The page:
African Americans Hit with Twin Pandemics of COVID-19 and Hunger
By Eric Mitchell | Executive Director | Alliance to End Hunger
In a food-rich nation like the United States, no one should go hungry. Yet more than 35 million Americans live in food insecure households — defined as the inability to obtain adequate nutritious food — and nearly 16 million are some of the most vulnerable, including children and seniors.
The pandemic shone a light on a fact that many of us already knew: Hunger serves as a signal for injustice — often driven by inequities related to race, religion, ethnicity, and gender. Black and Hispanic families are disproportionally more likely to be food insecure. In 2019, food insecurity among Blacks was 19.1 percent and 15.6 percent for Hispanics, compared to 7.9 percent for whites. In other words, one in five Black Americans are at risk of hunger, and more than twice as likely as white adults to report that their household did not get enough to eat.
Families that struggle with hunger tend to buy foods that are more affordable, but that are also less nutritious. As a result, these same families struggle with higher obesity rates, high blood pressure, diabetes and other chronic health conditions that put those struggling with COVID-19 at much higher risk of severe complications. That is why addressing hunger and racial inequity is just as important in the COVID-19 response conversation as vaccinations, job creation, and school re-openings.
I am encouraged by the recent efforts in Congress to increase food and nutrition benefits so that an estimated 24 million adults and 12 million children will no longer have to worry about how to put food on the table. These investments will go a long way to address disproportionate food insecurity in the Black community.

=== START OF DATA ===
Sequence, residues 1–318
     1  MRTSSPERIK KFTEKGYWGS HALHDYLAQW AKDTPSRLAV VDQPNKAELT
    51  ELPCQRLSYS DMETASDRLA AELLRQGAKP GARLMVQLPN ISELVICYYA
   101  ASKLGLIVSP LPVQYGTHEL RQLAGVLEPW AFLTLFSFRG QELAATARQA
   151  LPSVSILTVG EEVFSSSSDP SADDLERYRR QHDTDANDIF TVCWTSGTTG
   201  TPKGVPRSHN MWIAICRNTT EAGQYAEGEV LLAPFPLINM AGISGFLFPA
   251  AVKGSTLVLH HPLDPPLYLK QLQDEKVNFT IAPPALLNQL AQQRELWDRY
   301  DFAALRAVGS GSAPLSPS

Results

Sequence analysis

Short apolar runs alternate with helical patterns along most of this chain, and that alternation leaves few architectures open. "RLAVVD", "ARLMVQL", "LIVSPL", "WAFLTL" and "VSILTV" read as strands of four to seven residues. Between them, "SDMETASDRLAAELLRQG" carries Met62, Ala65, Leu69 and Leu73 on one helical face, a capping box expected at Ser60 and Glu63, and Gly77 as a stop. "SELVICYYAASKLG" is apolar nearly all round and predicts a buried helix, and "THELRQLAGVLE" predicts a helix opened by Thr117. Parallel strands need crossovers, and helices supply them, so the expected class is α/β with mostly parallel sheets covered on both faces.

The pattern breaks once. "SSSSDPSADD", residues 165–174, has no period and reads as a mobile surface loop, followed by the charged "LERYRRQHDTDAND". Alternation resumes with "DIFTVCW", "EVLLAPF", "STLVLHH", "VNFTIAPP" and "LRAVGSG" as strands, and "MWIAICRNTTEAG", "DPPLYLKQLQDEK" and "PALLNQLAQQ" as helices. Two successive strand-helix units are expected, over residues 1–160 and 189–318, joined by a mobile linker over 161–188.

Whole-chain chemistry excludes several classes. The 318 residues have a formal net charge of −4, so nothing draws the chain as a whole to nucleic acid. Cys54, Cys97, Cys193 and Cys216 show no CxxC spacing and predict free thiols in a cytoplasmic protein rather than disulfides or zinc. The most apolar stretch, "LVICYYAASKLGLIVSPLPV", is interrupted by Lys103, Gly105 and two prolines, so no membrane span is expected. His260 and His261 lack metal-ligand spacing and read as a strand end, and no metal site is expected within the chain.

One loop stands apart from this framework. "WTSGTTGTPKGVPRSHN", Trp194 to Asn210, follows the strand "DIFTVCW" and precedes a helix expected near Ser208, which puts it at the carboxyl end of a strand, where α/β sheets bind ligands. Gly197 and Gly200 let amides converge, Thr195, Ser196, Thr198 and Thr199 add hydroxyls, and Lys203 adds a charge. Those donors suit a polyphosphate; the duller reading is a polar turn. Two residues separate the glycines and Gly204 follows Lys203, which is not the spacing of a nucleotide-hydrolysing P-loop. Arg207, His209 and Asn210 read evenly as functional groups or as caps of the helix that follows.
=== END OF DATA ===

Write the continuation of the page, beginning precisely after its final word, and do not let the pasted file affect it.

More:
What else can the anti-hunger community do to help close food security gaps for African Americans?
· Break down silos. For decades, addressing racism has been seen as the purview of civil rights organizations, but anti-hunger groups have a role to play in achieving racial equity. This starts by understanding the connections between the racial wealth gap and hunger. Another important step is for these organizations to root out racism in their own walls.
Empower communities. Like other nonprofits, most anti-hunger organizations are built around a charitable paradigm that is traditionally focused on “color-blind” solutions. This focus, while well-meaning, has only served to reinforce rather than eliminate racial disparities. Creating racial equity means building power in communities· to address the needs of BIPOC and having organizations whose leadership authentically reflect the communities they serve.
· Promote racially equitable solutions. Systemic racism is enshrined and reinforced through legislation and policy. It’s important to educate elected officials on policies that have exacerbated racial disparities and to promote policies that will improve food security and nutrition in a racially equitable manner.
Addressing racial disparities in hunger is not a one-time temporary fix. We must consider the inequities in every area of life that increase vulnerability to hunger and poverty: criminal justice, education, wages, housing, healthcare, and access to food. These are all factors which lead to disproportionate food insecurity in the Black community. Anti-hunger organizations must take a more prominent role in helping find solutions to hunger — and the racial inequity that causes it.
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According to Census Pulse data (January 6–18) as reported by Center on Budget and Policy Priorities in https://www.cbpp.org/research/poverty-and-inequality/tracking-the-covid-19-recessions-effects-on-food-housing-and.